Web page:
Eric Assur at Restorative Justice Online has just posted a book review on Restorative Justice Today: Practical Applications, edited by Katherine S. van Wormer and Lorenn Walker. As I mentioned last fall, this book includes a chapter co-written by IIRP President Ted Wachtel and another written by IIRP Assistant Director for Communications Laura Mirsky.
Over the past thirty years the number of books or publications on Restorative Justice (R.J.) has increased annually. In 2013 justice practitioners, students and conflict resolution (or conflict prevention) readers may proclaim this publication as their book of the year. The authors, both with interesting backgrounds and academic credentials have provided a ‘practical’ look at the current applications for R.J. in the United States and elsewhere. Unlike most North American or United Kingdom anthologies with limited geographic focus this publication provides an impressive worldwide frame of reference. The words they use are well chosen and the entire collection of twenty five (25) articles by a well chosen collection of twenty nine listed authors is thoughtfully organized.
In the preface the editors offer a sensitive statement that they would be sharing a look at this paradigm shift (R.J.) through powerful stories of ‘seeking the good in people’ and ‘righting a wrong not only for victims but also for offenders and communities.’ The diversity of the contributors is as broad as the commentary on dozens of programs. The writers from Norway, Canada, Australia, New Zealand, Greece, El Salvador, and the United States are attorneys, professors, social workers, program directors, and a physician-anthropologist. The topical areas within the five broad categories include clergy abuse, juvenile justice, adult corrections, sexual assault, domestic violence, anti-bullying programming and practices related to drug courts, mental health courts, environmental justice and reparations to ‘tribal and racial populations who have been wronged by the society.’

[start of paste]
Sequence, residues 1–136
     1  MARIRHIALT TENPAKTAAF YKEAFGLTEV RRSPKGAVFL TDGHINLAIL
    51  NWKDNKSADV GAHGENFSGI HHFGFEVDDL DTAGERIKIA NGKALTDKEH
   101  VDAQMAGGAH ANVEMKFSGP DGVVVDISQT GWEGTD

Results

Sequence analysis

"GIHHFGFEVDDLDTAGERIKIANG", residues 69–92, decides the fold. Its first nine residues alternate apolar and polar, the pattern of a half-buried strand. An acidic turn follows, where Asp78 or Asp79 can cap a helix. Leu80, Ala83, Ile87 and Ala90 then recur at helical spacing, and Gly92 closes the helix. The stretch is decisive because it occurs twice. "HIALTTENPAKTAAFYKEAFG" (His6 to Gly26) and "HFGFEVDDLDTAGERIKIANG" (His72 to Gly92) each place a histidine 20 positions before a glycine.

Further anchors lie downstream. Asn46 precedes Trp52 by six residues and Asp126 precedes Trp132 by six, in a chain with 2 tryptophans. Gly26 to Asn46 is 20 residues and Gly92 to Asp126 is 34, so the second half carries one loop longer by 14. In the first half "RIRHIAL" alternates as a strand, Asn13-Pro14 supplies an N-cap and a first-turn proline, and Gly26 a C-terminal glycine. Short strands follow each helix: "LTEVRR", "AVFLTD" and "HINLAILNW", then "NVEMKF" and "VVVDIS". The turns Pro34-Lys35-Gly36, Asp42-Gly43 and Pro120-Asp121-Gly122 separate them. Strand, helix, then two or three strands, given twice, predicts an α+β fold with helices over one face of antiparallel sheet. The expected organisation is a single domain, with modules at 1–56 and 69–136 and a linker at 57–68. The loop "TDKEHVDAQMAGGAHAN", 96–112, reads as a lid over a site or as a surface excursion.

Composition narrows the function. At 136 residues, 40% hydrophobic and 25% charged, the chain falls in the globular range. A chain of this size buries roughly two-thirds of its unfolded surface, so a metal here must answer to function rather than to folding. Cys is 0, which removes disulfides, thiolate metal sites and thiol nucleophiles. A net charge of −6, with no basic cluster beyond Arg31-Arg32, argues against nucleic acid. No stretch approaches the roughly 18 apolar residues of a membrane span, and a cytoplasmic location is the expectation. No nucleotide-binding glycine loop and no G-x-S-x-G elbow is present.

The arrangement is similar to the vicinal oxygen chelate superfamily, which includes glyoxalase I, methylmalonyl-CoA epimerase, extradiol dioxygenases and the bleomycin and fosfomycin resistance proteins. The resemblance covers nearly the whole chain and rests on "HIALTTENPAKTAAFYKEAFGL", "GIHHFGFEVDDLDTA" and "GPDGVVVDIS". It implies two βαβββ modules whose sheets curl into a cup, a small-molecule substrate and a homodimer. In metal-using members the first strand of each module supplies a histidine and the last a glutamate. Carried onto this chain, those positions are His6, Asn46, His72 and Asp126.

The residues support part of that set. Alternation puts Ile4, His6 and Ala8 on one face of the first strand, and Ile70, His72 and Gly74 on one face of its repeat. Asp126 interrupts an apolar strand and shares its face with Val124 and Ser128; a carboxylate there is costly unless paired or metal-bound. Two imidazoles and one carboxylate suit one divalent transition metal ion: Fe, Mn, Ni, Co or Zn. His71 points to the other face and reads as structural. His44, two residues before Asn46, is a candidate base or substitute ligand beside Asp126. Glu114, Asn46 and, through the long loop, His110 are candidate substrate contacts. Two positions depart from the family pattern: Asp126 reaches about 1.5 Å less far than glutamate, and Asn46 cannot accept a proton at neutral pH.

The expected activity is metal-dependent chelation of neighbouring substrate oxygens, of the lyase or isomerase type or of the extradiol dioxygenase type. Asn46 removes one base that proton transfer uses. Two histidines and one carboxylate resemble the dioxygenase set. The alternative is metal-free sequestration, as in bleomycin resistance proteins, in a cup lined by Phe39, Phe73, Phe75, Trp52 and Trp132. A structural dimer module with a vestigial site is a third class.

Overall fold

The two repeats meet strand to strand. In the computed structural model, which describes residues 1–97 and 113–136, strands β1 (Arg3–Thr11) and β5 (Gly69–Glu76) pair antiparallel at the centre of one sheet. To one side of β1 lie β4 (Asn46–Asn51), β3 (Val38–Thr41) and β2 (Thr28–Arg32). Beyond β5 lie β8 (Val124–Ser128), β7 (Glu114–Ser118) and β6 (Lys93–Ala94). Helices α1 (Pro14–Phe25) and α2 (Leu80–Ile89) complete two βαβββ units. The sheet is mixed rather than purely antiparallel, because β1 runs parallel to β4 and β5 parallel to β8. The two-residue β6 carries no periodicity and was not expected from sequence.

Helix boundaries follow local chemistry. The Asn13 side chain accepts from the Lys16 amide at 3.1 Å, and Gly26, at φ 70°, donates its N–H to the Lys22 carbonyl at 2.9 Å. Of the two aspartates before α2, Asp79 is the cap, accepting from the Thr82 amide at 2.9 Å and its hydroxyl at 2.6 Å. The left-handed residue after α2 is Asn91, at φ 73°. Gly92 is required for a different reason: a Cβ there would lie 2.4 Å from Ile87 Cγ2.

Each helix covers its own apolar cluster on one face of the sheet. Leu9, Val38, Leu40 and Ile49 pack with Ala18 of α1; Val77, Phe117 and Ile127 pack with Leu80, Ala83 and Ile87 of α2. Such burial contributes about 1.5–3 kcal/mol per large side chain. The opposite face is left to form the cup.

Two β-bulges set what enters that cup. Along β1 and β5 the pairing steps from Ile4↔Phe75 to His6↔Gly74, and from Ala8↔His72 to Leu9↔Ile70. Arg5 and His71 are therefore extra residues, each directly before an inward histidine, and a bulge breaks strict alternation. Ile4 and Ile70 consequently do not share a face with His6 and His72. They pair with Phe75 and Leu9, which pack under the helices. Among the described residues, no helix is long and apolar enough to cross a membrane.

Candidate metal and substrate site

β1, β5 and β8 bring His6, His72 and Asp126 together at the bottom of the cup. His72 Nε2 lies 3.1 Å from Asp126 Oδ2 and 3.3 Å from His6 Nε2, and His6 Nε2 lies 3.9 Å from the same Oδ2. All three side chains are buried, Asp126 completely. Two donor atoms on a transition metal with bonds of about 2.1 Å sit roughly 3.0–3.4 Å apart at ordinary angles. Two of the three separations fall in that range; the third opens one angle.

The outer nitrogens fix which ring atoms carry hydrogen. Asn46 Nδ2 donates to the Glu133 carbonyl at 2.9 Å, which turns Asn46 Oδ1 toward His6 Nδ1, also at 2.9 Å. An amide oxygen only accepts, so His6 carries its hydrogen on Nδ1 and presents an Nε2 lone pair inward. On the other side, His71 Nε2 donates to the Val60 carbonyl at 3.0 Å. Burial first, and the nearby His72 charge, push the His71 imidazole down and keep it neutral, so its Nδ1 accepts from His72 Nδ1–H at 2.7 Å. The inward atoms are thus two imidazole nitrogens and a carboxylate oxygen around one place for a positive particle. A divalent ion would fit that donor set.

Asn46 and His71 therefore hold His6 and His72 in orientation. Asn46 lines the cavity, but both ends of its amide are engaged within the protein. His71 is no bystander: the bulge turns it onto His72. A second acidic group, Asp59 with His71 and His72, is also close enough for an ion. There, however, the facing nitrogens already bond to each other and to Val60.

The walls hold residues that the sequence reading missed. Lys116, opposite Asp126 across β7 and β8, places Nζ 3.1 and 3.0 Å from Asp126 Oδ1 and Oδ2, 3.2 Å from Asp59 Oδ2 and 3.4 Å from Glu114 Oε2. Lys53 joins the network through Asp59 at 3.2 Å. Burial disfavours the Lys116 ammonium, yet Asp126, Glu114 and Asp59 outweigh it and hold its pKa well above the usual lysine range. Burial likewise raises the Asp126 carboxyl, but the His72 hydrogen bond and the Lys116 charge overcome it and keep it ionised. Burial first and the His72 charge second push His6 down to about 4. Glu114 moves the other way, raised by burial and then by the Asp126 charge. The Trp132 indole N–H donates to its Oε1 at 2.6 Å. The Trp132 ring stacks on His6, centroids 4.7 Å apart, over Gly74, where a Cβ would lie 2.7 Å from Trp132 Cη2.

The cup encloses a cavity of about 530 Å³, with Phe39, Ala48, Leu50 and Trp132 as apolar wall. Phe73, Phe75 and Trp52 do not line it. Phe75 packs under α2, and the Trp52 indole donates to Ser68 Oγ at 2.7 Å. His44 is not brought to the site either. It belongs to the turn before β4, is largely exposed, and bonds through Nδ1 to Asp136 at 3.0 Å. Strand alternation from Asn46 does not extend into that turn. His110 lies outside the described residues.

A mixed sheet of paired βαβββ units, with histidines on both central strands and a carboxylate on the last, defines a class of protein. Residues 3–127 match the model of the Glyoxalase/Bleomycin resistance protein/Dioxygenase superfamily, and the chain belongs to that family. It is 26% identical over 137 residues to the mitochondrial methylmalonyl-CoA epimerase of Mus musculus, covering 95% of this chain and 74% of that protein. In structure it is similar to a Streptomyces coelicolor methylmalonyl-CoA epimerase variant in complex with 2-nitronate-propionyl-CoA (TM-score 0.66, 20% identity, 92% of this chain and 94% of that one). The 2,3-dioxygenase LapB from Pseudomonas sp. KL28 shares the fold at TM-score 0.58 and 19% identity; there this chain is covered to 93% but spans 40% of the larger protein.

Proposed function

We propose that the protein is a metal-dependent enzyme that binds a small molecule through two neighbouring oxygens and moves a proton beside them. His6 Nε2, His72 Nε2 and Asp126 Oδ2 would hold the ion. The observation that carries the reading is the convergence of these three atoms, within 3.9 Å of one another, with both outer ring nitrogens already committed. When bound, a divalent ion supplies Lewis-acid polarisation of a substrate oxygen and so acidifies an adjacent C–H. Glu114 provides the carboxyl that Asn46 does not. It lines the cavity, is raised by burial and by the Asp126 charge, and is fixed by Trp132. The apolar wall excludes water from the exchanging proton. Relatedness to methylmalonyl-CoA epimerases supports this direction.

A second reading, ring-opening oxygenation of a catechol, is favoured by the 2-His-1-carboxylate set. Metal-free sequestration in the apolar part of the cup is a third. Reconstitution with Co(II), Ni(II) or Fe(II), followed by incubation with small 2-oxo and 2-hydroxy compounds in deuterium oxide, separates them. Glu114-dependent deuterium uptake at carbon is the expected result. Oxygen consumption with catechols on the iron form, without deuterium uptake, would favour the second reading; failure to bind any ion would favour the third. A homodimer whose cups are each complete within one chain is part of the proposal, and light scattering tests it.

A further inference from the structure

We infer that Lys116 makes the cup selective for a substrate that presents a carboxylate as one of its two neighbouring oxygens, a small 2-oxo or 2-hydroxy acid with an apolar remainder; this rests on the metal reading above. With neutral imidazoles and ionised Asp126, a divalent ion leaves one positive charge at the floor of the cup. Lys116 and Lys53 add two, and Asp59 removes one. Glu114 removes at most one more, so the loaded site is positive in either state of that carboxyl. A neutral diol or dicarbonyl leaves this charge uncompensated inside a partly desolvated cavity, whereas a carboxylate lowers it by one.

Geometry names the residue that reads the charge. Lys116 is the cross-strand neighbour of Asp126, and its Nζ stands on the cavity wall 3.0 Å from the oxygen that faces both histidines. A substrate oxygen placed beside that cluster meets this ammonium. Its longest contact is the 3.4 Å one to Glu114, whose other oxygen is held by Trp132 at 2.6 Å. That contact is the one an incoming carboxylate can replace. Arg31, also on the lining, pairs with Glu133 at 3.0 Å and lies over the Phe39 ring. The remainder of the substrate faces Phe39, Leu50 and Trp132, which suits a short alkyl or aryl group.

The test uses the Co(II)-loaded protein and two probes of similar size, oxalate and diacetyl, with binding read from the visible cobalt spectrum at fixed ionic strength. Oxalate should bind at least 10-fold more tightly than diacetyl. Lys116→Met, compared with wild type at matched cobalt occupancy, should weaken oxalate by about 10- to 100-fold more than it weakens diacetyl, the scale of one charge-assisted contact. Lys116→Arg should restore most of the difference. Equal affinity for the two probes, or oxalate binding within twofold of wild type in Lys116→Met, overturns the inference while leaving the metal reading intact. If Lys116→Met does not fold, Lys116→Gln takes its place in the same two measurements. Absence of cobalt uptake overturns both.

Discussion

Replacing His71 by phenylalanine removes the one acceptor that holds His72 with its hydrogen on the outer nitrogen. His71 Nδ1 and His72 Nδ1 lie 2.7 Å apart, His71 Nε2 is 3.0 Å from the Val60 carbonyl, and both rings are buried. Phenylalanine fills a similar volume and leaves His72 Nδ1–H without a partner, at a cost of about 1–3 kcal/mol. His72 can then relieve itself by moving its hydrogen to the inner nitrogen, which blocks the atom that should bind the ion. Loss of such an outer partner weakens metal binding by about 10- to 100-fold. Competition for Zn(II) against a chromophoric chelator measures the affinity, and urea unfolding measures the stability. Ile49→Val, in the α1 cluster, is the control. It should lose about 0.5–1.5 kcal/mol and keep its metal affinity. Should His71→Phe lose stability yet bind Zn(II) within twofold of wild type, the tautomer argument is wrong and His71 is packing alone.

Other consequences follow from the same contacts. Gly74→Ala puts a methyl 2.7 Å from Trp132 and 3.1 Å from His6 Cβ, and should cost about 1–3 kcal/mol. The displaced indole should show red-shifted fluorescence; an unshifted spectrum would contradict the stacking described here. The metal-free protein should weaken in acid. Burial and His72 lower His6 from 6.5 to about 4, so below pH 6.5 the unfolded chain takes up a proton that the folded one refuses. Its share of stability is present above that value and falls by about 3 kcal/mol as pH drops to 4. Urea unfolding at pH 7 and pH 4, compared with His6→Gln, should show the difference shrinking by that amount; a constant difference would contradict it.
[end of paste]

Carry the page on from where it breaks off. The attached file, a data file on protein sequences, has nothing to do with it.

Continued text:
Its college textbook nature and the commendable use of links to films or DVD’s, bibliographies, electronic sources or websites is likely to be appreciated by any reader seeking to go further than the summary to be found within each brief chapter. Each chapter concludes with two (just two) critical thinking questions and an alphabetical list of references. Seven of the chapters include boxed readings or highlighted commentary by the editors to enhance the overall merit of a chapter.
As would be expected, the collection opens with the requisite definition of R.J. In just a dozen pages Lorenn Walker offers a springboard for the book. Just what is R.J., how can justice in many arenas be viewed through different lenses, and what are the characteristics of the traditional western justice that does not look at harm to and restoration of those involved. The book begins with a snapshot view of justice delivery in decades past. The core of the book looks into the many flavors of what might or might not actually be labeled as R.J. This core is interesting and rich due to this diverse application of a justice that may be more healing than the retributive justice seen in many settings decades ago or even now in many venues.
Read the rest of the Review: Restorative justice today: Practical applications.